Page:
Page said she wanted Wiessenberger's clients questioned to see whether the delay in documents was their fault or their attorney's.
"That puts me in a terrible position," Wiessenberger argued. "If Ms. Page's intention here is just to cast a shadow of doubt on what is the guilty party..."
But the judge cut him off and addressed his clients: "I'm convening this matter over one more time, and this is it. So if you people don't have your act together next time, I don't care. We're going to hearing."
Marinoff says that late documents are a reality -- INS attorneys file them late, too, he says -- but Page is the only attorney who complains. He says that the exhibits she complained about would have taken only a few minutes to read through and that other attorneys in the office don't mind getting them the day of a hearing. And, he says, the numerous continuances aren't a matter of incompetence or a lack of preparation. "Sometimes it's in the client's best interest to delay the case if you have reasonable grounds.
"I can't be doing bad things," he insists, adding that rival lawyers who criticize him are jealous. "The 200 cases that guy had when I took over his practice were the envy of the immigration community. What did they think? The 200 clients just die?
"There are probably some immigration attorneys that probably would say to you, 'He's a bad guy,'" he continues. "These folks wouldn't have the guts to try a cancellation of removal. Ninety-nine percent wouldn't do something like that. They don't have the skills."
Marinoff says that's because immigration attorneys mainly are used to doing administrative law, such as dealing with documents and paperwork and securing green cards for professionals immigrating to the United States -- not preventing uneducated working-class illegals from being deported. Unlike him, a former prosecutor, they're not comfortable in court.
He says he refuses seven out of every ten cancellation cases that pass his desk because he doesn't think he can win them. But Marinoff may also be the only immigration attorney in town who regularly surrenders his clients to the INS. Usually, when illegal immigrants are arrested, deportation proceedings begin; if an immigrant is lucky enough to get a lawyer, the lawyer may file a cancellation of removal as a defensive, last-ditch effort. With Marinoff, clients willingly turn themselves in. If Marinoff is lucky, his critics say, his clients can get a voluntary departure. "He can get them a work permit," says Lichter. "He can buy them literally two to three years, on average, for the appeal to run its course. I don't think he's being fully clear with people. People are suckered into this. A lot of people would be better laying low."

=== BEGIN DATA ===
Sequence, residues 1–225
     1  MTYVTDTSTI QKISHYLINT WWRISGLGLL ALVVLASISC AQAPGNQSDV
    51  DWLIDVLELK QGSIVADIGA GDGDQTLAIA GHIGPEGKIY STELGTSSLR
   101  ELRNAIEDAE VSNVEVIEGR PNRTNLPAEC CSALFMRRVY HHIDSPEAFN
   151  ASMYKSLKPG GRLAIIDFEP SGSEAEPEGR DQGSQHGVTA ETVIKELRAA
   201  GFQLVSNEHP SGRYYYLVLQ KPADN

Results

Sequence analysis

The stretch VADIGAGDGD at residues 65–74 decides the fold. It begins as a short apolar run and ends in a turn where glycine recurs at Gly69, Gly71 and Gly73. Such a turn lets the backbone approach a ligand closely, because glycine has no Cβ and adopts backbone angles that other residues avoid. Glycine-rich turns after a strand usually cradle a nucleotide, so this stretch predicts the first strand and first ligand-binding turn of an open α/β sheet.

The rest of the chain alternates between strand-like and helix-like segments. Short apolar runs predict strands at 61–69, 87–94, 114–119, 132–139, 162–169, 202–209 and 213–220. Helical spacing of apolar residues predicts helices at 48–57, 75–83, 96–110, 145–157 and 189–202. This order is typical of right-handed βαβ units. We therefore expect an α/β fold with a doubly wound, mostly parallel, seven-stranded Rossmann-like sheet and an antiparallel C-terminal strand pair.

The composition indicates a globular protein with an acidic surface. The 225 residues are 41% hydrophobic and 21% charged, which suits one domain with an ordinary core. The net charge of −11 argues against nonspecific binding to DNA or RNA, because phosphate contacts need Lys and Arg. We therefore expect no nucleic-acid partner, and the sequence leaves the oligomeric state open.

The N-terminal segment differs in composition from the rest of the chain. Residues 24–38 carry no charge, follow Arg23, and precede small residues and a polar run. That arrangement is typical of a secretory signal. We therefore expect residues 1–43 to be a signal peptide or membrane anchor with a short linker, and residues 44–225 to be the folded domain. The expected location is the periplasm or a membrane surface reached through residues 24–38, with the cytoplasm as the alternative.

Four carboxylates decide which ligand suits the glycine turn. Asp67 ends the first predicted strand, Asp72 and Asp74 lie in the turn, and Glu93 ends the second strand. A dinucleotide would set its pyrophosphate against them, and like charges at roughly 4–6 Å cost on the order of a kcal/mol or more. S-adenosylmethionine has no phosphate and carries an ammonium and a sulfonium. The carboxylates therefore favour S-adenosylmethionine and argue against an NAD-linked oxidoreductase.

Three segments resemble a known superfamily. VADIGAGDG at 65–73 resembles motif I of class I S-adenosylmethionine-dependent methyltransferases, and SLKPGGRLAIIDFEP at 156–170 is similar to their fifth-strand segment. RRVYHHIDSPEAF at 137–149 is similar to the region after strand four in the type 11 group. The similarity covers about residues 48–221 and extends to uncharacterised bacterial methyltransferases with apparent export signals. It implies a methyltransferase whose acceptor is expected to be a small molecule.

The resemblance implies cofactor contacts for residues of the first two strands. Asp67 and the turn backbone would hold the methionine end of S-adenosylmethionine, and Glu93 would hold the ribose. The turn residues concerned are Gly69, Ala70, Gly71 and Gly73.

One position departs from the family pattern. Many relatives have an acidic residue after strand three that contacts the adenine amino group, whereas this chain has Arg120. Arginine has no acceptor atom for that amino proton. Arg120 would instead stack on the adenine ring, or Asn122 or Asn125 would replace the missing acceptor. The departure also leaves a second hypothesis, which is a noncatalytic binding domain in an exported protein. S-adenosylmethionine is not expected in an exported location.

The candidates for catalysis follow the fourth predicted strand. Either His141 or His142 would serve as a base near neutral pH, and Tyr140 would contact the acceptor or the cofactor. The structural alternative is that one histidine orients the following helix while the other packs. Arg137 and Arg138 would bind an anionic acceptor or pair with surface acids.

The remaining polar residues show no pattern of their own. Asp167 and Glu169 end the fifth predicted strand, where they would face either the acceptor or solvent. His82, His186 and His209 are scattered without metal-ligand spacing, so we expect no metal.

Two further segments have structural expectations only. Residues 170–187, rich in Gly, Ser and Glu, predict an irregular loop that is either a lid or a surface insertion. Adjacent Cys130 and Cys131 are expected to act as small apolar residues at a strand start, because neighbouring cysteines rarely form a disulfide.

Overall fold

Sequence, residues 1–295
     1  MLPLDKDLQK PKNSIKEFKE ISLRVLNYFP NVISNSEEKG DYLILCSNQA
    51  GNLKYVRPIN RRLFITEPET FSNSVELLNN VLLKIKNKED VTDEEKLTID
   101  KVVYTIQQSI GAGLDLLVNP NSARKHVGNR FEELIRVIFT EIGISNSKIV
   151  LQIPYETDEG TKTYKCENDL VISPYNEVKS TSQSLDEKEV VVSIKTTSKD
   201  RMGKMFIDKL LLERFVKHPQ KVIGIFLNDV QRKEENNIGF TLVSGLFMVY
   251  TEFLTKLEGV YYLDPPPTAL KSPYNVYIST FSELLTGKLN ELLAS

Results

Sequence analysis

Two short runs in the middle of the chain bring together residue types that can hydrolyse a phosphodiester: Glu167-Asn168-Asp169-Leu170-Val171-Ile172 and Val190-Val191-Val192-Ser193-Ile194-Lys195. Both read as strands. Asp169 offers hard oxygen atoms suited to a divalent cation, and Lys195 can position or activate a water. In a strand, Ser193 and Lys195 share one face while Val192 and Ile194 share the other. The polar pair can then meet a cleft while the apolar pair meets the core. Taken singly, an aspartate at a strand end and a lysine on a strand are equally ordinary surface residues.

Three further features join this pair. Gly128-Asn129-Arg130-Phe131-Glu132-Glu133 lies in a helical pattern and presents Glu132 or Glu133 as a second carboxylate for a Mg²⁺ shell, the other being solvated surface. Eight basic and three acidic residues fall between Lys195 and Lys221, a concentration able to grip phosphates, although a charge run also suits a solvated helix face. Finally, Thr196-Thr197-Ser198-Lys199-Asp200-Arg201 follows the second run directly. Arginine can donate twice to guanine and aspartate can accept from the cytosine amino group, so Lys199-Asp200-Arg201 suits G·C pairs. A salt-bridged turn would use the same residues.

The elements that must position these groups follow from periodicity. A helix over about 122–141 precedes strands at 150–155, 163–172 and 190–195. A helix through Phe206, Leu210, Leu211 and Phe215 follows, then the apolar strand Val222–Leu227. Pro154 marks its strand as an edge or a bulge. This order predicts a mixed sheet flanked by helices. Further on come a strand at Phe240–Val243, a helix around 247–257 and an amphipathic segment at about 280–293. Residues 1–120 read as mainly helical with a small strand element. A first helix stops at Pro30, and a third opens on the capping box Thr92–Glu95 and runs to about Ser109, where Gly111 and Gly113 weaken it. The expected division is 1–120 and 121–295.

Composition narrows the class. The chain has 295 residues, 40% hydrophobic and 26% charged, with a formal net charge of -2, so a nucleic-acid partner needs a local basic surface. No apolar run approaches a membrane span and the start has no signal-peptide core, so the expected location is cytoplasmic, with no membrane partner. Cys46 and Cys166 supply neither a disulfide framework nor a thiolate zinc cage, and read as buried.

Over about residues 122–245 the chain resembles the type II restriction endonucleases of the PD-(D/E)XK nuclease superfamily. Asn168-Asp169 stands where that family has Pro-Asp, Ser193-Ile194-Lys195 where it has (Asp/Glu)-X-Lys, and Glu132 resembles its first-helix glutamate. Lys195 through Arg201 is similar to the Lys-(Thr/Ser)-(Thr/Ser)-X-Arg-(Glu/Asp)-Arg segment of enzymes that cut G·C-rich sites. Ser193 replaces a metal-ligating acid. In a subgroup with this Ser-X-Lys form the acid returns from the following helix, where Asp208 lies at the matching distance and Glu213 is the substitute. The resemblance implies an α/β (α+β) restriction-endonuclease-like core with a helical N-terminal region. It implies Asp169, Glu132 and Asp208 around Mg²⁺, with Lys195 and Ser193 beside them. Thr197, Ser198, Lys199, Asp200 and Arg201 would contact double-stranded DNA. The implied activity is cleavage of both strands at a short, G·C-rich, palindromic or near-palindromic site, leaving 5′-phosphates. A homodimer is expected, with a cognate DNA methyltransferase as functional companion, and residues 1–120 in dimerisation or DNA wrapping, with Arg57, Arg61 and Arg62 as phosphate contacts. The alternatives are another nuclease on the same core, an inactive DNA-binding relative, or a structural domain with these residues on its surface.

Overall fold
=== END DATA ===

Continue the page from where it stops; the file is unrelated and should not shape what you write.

Even Jim Salvator won't turn in his clients to the INS. "I think it's too risky," he says. Yet Salvator doesn't criticize Marinoff for taking that risk. "As long as they know the risk is there, I can't say he's done anything ethically wrong."
Marinoff says it's not possible for his clients to enter into deportation proceedings without their knowledge, that the forms they sign are very clear. "At that moment, they know they're in proceedings."
Not everyone agrees. Eleni Sarris, executive director of the Denver-based Justice Information Center, an organization that provides translators for immigrants in court proceedings, says one former Marinoff client she encountered "was unaware he was in deportation proceedings. People would come in and seem somewhat oblivious to their predicament."
And on top of that, there's the matter of money. "He charges a lot. That's his Achilles' heel," says Salvator.
"I don't know what other people charge," Marinoff says. "I'm definitely not cheap." But he says he does more for clients than other lawyers. For instance, when clients with minor crimes on their records (like a DUI charge) come before him as "aggravated felons" under IIRIRA, Marinoff often will try to file a motion with the jurisdiction where the guilty plea was made to have it overturned. "I'm not ashamed of what I charge," he says. "I have a right to charge what I charge. People don't have to hire me. Isn't it analogous to a doctor who's a specialist?"
Joe Sosa is one of Marinoff's satisfied customers. Sosa and his wife had been in the United States illegally for more than a dozen years; they had lived in California and moved to Colorado in 1991 when Sosa's company relocated. In 1996, Sosa's son was born with a serious heart condition that required medicine and physician care not readily found in Sosa's native Guatemala. A year later, he acted. "We wanted to do things right," says Sosa. "We were going to find a way to get our legal documents here in order."